We live in a world where people are trained to judge. Sometimes, we judge ourselves too, with a hyper-critical eye. I often find myself caught in this never-ending loop, especially in social situations. Some self-critical statements that trouble my mind include:
Why do I behave like this?
I should change my attitude so that my friends will like me more.
Why do they hate me?
I shouldn’t have done this.
Am I a burden?
I could do better.
And that’s on being self-conscious.
Being self-conscious means being consumed by thoughts regarding how other people perceive you. However, being self-conscious is not the same thing as being self-aware. Self-consciousness doesn’t necessarily help you or improve your life.
Firstl, let’s take a look at the term self-awareness. Self-awareness is the ability to reflect and focus on your actions, personality, habits, and emotions without being attached to the outsider’s perspective. Although it may seem similar to self-consciousness, self-awareness focuses on improving yourself for personal reasons, rather than appeasing other’s perceptions.
Let’s see some examples. If you’re being self-conscious, your inner critic may sound like this:
I was so quiet at the reunion. Maybe if I started to talk more they would like me. They probably hated me.
Meanwhile, self-awareness would sound like this:
The reunion was super fun! I did stay silent most of the time. That’s perfectly fine, but maybe next time I’ll talk a bit more.
Self-consciousness may seem like a minor obstacle, or even a benefit, as it seemingly focuses on self-improvement. However, self-consciousness is often self-destructive, in contrast to self-awareness. Being aware of your surroundings drives you to become a more confident person, and strive for better outcomes. Some signs of a healthy, self-aware mindset are pride for accomplishing something new, or striving to change for the better when you notice a mistake.
Excessive obsession over the self can be detrimental to your mental health. When you are too preoccupied with the society’s rules, you tend to be excessively critical of every literal quirk in your personality.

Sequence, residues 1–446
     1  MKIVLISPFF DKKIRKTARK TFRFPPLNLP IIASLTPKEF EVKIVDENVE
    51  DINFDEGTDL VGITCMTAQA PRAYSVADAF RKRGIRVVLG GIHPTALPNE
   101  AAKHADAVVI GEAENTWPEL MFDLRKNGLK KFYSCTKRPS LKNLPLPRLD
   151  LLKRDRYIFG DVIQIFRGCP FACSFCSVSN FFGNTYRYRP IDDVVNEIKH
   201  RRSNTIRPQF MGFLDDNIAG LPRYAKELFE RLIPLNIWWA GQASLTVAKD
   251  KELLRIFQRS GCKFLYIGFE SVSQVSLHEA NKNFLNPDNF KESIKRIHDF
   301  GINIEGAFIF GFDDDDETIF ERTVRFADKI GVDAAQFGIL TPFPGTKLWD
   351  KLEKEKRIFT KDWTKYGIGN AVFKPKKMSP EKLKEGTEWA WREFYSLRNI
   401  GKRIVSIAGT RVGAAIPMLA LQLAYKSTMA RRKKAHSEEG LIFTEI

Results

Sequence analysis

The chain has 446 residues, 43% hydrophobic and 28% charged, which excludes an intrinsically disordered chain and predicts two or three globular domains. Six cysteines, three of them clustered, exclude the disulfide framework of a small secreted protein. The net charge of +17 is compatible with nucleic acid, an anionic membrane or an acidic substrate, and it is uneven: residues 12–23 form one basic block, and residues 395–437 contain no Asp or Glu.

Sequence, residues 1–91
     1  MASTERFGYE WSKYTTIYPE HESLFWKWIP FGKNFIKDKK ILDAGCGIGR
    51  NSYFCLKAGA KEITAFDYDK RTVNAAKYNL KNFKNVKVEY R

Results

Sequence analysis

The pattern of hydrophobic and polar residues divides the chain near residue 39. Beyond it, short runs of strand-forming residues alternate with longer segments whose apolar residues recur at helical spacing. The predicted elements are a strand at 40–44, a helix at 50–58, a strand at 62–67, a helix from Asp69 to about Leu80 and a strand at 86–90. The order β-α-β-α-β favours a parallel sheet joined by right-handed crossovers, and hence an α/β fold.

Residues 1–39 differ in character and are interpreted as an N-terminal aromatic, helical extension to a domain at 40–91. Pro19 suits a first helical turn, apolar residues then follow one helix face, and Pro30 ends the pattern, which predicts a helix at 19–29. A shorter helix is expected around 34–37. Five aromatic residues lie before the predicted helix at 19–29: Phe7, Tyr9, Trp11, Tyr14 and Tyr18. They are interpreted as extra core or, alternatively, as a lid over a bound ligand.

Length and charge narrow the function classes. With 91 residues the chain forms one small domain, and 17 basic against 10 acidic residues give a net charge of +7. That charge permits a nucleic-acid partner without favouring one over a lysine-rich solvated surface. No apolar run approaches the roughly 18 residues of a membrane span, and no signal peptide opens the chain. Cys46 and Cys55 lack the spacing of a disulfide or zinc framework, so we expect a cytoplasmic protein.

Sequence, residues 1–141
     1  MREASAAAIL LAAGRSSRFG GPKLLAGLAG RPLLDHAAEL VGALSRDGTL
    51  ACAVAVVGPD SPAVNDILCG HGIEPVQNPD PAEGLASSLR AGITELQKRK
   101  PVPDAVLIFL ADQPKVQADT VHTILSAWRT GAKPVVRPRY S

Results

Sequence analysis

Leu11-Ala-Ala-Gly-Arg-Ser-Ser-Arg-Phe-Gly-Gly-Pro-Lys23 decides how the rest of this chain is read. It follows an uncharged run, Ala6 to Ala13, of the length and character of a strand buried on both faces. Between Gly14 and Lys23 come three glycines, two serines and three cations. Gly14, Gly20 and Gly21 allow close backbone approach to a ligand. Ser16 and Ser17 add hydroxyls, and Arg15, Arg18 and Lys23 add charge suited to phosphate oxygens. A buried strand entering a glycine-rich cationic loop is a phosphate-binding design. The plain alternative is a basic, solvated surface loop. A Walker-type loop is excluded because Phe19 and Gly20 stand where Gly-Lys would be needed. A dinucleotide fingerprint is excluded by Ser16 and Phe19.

In a hyper-conscious state, you ruminate over how you can alter yourself to conform to social standards. You are mad at yourself for your faults, and easily get jealous of others. One difficult side effect of being self conscious is self-isolation to avoid judgement. This makes tasks, such as buying groceries, extremely uncomfortable, as you fear everyone is watching you. You may feel nervous and on the verge of tears, and blame yourself for this self-inflicted torture. Self-consciousness can quickly spiral into a pit of all-consuming anxiety and depression.
I went from being a joyous girl to someone drowning in low self-esteem. I deteriorated from a social butterfly, into a girl with social anxiety. So, what was my solution?
First things first, recognize when you are engaging in negative self talk, and fight back against it. Counter those negative voices with positive affirmations. Never let your perceived weaknesses define you. Instead, acknowledge areas you could potentially improve, and gently encourage yourself to make changes. Remember, nobody is a perfect person. We all have our insecurities. Your personal struggles are magnified in your eyes, but others don’t see it that way.
This brings me to my next point. Most (decent) people do not care about your little quirks, flaws, or personality traits. Although there are definitely judgemental people, remember that their thoughts should not shape you or your self-worth. You know yourself better than anyone else.
Lastly, accept yourself for who you are. You are perfectly unique and incredibly amazing, just the way you are. Embrace your individuality, and find peace within yourself. This doesn’t mean you wake up every morning and fall in love with the person in the mirror. It can be baby steps, like a self-care day, or daily positive affirmations. You are so much bigger than negative thoughts and negative people. And you definitely aren’t alone in this journey. I’m right here with you!
Written by: Lyana Najib